At this point, Gen Xers are in their late 30s to early 50s, so they tend to be in their highest-earning years. That also means they're likely instilled with a lot of decision-making power — on both household and company levels.

Since they're still actively working, far along in their careers, Generation X is one of the most financially stable of any age group. They have an estimated $2.4 trillion in purchasing power at their disposal.

Gen X witnessed more economic volatility through their coming of age than almost any other generation. As children and young adults, they witnessed the recession of the early 90s and the economic prosperity that came in its wake.

As many started entering the workforce and advancing their careers, they felt the weight of the dot-com bust of 2000. And when many were buying their first homes, they were hit by the Great Recession and the housing crisis that came with it. Though that crisis impacted them disproportionately, Generation X actually rebounded better from it better than any other generation.

That consistent exposure to economic uncertainty might account for the generation's emphasis on stability when it comes to their buying habits. According to a study by Tapbuy, Generation X is more "down to earth" than most others.

They value sincerity and authenticity more than social clout and, in turn, look for product quality over trendiness when purchasing. They look for products that are going to last and will pay reasonable premiums to get them.

Their media consumption is in keeping with their generational placement between Boomers and Millennials — meaning they actively engage with both new and traditional media. They're a generation that will consistently watch live TV and leverage digital devices. That means you can reach them virtually anywhere.

They are also more loyal to their preferred brands than Millennials or Gen Zers. According to a 2018 study by Morning Consult, 67% of Gen Xers said that when they find a product they like, they'll consistently buy it over and over again.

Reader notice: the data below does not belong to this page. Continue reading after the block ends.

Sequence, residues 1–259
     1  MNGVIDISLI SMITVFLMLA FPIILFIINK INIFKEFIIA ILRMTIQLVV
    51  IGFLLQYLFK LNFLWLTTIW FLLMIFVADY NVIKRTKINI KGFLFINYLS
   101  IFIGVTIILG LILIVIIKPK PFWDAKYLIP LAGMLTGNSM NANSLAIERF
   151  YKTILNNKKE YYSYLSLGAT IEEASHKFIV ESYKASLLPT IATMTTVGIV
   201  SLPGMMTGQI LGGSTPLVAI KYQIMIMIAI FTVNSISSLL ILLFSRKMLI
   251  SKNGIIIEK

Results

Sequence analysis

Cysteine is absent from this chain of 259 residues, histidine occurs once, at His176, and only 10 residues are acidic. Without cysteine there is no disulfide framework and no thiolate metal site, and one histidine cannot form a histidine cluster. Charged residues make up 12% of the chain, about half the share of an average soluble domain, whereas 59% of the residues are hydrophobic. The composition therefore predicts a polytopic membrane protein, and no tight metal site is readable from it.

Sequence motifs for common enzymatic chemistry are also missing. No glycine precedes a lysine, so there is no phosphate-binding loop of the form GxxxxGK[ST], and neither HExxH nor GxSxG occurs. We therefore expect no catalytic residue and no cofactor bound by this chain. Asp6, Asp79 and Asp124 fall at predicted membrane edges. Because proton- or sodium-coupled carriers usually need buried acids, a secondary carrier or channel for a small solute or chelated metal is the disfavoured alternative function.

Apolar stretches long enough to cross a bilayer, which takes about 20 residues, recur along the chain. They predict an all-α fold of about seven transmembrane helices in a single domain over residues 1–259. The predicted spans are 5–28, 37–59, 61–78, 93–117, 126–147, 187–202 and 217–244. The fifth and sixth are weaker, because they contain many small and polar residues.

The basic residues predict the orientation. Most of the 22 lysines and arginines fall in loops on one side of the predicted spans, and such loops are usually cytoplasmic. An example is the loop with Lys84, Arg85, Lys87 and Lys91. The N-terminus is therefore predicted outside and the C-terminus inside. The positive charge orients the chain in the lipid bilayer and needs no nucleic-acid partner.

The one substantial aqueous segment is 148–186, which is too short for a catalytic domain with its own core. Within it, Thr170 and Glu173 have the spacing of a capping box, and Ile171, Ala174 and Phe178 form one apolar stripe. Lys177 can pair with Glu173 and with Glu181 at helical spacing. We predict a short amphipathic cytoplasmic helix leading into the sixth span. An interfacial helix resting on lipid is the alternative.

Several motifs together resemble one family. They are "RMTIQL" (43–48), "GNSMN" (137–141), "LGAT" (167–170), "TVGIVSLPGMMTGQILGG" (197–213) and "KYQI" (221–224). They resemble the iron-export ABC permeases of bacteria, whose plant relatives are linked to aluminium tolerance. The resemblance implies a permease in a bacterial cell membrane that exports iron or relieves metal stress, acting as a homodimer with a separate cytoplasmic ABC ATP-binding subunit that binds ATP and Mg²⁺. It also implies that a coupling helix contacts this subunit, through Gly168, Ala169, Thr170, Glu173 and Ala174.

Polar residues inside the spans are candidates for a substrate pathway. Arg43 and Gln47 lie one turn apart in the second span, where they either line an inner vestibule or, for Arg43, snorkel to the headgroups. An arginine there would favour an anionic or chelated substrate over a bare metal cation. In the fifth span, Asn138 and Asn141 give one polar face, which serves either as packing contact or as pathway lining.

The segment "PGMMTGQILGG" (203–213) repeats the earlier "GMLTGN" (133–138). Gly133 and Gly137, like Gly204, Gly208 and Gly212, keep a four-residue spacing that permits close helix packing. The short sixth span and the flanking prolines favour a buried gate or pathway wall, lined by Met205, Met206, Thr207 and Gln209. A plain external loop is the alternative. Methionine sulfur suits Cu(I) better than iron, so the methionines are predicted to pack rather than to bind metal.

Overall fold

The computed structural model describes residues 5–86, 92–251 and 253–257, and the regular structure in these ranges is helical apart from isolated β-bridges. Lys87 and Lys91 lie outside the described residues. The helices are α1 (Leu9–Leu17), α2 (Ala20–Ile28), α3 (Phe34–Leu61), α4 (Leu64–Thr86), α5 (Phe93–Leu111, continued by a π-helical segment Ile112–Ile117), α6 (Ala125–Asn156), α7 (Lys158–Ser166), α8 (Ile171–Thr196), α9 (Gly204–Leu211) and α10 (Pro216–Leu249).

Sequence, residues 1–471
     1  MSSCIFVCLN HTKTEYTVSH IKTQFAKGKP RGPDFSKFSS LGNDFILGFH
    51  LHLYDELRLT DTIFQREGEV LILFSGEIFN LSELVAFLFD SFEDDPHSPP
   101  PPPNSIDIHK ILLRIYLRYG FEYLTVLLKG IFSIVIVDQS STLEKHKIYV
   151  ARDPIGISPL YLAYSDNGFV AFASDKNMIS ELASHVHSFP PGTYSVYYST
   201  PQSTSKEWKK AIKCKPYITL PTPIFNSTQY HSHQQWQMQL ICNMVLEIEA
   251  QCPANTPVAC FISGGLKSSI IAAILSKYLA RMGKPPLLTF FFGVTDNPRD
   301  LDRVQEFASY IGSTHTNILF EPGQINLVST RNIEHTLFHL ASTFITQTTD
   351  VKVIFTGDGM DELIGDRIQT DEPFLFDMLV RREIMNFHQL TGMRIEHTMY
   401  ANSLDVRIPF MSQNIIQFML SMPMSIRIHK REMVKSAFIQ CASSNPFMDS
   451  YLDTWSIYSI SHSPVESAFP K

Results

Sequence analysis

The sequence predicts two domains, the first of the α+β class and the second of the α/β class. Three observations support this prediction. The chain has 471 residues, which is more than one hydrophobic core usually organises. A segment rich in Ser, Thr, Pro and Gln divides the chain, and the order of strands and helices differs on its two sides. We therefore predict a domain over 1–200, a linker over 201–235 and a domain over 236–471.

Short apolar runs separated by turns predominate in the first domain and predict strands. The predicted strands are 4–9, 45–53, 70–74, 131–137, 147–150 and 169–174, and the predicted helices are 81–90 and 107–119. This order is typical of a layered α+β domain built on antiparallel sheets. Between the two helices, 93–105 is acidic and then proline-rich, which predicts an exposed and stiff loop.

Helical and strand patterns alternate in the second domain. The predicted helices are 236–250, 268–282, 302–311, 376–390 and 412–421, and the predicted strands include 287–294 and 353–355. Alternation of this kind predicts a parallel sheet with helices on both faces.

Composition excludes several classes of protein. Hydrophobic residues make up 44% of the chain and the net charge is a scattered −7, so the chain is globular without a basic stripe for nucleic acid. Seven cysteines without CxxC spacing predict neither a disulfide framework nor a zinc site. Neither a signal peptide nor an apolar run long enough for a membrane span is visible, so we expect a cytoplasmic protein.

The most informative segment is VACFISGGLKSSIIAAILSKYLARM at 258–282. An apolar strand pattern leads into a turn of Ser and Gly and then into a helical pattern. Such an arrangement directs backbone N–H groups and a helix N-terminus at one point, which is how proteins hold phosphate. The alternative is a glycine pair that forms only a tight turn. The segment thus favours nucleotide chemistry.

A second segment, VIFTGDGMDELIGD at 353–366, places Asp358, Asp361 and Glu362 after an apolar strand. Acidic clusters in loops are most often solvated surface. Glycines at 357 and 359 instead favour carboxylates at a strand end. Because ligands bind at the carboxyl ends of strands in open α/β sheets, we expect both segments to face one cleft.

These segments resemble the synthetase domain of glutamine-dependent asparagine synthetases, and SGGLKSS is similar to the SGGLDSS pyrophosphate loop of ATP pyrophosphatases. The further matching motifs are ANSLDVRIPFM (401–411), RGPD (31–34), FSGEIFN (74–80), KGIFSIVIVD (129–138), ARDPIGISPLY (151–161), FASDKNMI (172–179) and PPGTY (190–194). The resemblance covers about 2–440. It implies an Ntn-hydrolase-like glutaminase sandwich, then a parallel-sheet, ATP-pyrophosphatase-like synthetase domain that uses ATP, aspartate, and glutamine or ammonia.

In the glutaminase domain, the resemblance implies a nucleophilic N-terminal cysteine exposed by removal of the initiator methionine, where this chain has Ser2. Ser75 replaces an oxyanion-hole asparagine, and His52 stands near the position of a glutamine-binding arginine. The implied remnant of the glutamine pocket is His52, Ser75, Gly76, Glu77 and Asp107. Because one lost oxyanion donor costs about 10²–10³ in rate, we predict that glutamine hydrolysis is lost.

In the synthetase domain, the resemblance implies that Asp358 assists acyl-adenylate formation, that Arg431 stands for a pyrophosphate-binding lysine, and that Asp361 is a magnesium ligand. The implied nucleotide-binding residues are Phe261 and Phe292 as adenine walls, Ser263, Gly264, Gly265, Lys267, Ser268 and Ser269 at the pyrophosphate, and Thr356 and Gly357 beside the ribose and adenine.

So what does all of this mean for your Gen X sales strategy? Well, first and foremost, you can't overlook them — the "forgotten generation" still has tremendous financial sway. They're accessible to reach but tough to register with. Their upbringing and the context of their young adulthood has made them rightfully skeptical.

With Xers, it's about trust. You have to give them particularly compelling value propositions, and the variety of their media consumption gives you a lot of avenues to do that. If you can earn their trust, you'll likely be able to earn their loyalty.

Sales Tips for Millennials

If Generation X is "the forgotten generation," Millennials are whatever the opposite of that is. I'd call them "the remembered generation" or "the paid-attention-to generation," but neither really rolls off the tongue. But that's beside the point. What I'm trying to get at is that Millennials get the time of day when it comes to sales and marketing efforts. And for good reason.

Millennials overtook Boomers as the largest generation in history in 2019. And Accenture estimates that millennials' purchasing power will reach $1.4 trillion in 2020 — a figure that will likely rise throughout their collective career development.

Taken together, those figures could explain why marketers and salespeople are so eager to appeal to them. But how can they do that? What characteristics define this generation as consumers?

Well, for starters, Millennials are socially conscious, and they're receptive to brands that fit that bill as well. A 2018 study by Nielsen found that 70% of Millennials would be more likely to purchase from a brand that handled a social issue well. Companies that demonstrate sustainable production and distribution are particularly popular.

Also, it might go without saying at this point, but Millennials are more active on social media than the generations that came before them. And that trend informs their buying patterns in a big way — namely, how they research products before purchasing.

The previously mentioned Nielsen study found that they're significantly more likely to conduct an online search than the broader population when shopping for common items such as food or cleaning products.